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Work-related acute eye injuries presenting to the West Virginia University hospital emergency department.

Inman CJ; Jackson LL; Helmkamp JC; Islam SS; Furbee PM
NOIRS 2000--Abstracts of the National Occupational Injury Research Symposium 2000, Pittsburgh, PA, October 17-19, 2000. Pittsburgh, PA: National Institute for Occupational Safety and Health, 2000 Oct; :68
Background: Over 600,000 work-related eye injuries occur annually. This number may be low because clinical recognition and surveillance mechanisms to accurately characterize occupational injuries are lacking. Methods: To develop a better understanding of occupational eye injury circumstances and under-reporting of work-related injuries, we examined all emergency department (ED) visits for an eye injury presenting at West Virginia University Hospital Emergency Department during 1996. Through the emergency department-based injury surveillance system (EDBISS), we identified 556 eye injury visits. Medical charts were reviewed for injury circumstances and work-relatedness - defined as any injury or illness incurred while doing work for compensation, all agricultural production activities, and while doing work as a volunteer for an organized group. Results: On the basis of chart review, we identified 326 first visits for patients 18 years and older with an eye injury: 98 were work-related, 184 were non-work related, and 44 were possibly work-related. Based on admissions information, EDBISS indicated that 90 visits were work-related of the 98 cases identified from chart review (Kappa=90%). Since there were other misclassifications regarding work-relatedness and possible work-relatedness this kappa value may be an over estimate. From chart review, 69 cases filed West Virginia Workers Compensation claims. Of these, 54 (78%) were matched with the West Virginia Workers Compensation database which captures all work-related injuries in the state except voluntary organizations and churches. We are exploring reasons for the low match rate by comparing the matched and unmatched cases with regards to severity of injury and occupation. Conclusions: Injury surveillance that relies on compensation or insurance providers may under-report occupational injuries as seen in this example. Injury prevention would benefit from improved recording of work-related details by ED staff.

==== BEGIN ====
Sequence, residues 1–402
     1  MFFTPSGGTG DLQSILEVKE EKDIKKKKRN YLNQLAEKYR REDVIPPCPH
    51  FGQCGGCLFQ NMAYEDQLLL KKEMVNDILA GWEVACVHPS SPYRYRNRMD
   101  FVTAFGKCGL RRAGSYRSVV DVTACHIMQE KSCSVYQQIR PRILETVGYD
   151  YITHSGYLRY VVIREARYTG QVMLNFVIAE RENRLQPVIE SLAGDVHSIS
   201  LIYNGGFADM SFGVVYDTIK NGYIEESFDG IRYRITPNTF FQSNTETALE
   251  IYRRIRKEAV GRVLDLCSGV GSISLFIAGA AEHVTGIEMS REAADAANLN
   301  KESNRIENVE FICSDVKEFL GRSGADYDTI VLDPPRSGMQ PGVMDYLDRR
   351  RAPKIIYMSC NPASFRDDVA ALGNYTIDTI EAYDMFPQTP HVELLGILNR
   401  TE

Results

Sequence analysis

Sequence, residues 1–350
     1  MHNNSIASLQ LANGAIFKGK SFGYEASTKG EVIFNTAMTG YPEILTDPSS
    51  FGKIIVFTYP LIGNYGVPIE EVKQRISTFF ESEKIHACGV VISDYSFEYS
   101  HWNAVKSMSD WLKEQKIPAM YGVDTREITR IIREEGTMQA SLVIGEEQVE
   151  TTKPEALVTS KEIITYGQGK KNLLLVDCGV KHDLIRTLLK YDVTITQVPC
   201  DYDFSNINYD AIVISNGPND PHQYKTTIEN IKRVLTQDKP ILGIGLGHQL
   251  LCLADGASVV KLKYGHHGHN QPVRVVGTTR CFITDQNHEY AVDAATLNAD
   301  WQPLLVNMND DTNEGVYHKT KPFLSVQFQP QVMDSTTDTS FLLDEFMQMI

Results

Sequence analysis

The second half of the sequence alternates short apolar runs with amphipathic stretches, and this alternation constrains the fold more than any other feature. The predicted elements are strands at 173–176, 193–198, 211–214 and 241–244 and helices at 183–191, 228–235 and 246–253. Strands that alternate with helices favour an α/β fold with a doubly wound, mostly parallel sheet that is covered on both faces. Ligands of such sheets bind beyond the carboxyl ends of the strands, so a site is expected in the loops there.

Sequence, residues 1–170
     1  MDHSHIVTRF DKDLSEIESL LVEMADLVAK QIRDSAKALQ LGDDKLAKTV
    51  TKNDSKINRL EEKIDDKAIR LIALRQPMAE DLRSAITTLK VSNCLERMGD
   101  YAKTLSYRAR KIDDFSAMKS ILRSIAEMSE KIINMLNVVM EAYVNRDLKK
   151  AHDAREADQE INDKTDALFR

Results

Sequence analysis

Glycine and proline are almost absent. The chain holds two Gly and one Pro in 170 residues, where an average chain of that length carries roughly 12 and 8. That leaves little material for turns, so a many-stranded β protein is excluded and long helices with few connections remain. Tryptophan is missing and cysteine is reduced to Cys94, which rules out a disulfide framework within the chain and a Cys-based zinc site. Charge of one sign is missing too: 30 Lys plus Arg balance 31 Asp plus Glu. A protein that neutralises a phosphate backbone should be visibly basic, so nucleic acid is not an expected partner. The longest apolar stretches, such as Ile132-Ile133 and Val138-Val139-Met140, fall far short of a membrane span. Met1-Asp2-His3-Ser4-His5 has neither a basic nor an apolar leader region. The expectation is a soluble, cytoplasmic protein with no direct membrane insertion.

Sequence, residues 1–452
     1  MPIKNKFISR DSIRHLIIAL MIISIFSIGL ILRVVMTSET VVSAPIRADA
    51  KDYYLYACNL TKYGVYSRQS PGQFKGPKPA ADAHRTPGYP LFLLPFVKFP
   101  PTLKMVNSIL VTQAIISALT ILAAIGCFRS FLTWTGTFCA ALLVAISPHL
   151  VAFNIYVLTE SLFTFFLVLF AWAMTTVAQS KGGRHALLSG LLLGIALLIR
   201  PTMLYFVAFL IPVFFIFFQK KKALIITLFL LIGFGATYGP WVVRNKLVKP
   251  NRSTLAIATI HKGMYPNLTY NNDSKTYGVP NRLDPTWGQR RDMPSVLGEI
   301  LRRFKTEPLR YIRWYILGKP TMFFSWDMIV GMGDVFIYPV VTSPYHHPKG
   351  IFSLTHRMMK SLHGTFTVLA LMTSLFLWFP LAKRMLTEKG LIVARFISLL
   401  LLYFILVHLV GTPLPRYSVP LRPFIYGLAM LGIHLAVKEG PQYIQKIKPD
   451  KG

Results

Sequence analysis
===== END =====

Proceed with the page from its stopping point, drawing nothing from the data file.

Accident rates; Accident statistics; Accidents; Accident prevention; Injuries; Traumatic injuries; Injury prevention; Surveillance programs; Eye injuries; Eyes; Eye damage
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NOIRS 2000 Abstracts of the National Occupational Injury Research Symposium 2000, Pittsburgh, PA., October 17-19, 2000
Page last reviewed: April 9, 2021
Content source: National Institute for Occupational Safety and Health Education and Information Division